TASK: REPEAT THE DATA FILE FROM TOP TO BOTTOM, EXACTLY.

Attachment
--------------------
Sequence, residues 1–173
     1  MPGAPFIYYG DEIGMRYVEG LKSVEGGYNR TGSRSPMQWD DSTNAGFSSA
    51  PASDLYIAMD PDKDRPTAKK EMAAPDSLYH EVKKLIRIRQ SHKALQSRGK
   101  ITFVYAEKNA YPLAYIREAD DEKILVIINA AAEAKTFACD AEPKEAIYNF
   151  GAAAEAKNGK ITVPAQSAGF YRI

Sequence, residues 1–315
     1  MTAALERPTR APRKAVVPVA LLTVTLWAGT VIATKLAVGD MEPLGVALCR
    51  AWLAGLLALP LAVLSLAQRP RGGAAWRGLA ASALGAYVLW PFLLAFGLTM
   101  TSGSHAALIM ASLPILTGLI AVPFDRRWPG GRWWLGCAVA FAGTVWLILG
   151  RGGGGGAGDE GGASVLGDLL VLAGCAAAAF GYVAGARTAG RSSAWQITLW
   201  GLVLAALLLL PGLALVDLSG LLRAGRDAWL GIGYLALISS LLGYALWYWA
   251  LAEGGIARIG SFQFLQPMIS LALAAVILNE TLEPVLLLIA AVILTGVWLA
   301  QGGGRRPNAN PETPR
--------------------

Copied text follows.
Sequence, residues 1–173
     1  MPGAPFIYYG DEIGMRYVEG LKSVEGGYNR TGSRSPMQWD DSTNAGFSSA
    51  PASDLYIAMD PDKDRPTAKK EMAAPDSLYH EVKKLIRIRQ SHKALQSRGK
   101  ITFVYAEKNA YPLAYIREAD DEKILVIINA AAEAKTFACD AEPKEAIYNF
   151  GAAAEAKNGK ITVPAQSAGF YRI

Sequence, residues 1–315
     1  MTAALERPTR APRKAVVPVA LLTVTLWAGT VIATKLAVGD MEPLGVALCR
    51  AWLAGLLALP LAVLSLAQRP RGGAAWRGLA ASALGAYVLW PFLLAFGLTM
   101  TSGSHAALIM ASLPILTGLI AVPFDRRWPG GRWWLGCAVA FAGTVWLILG
   151  RGGGGGAGDE GGASVLGDLL VLAGCAAAAF GYVAGARTAG RSSAWQITLW
   201  GLVLAALLLL PGLALVDLSG LLRAGRDAWL GIGYLALISS LLGYALWYWA
   251  LAEGGIARIG SFQFLQPMIS LALAAVILNE TLEPVLLLIA AVILTGVWLA
   301  QGGGRRPNAN PETPR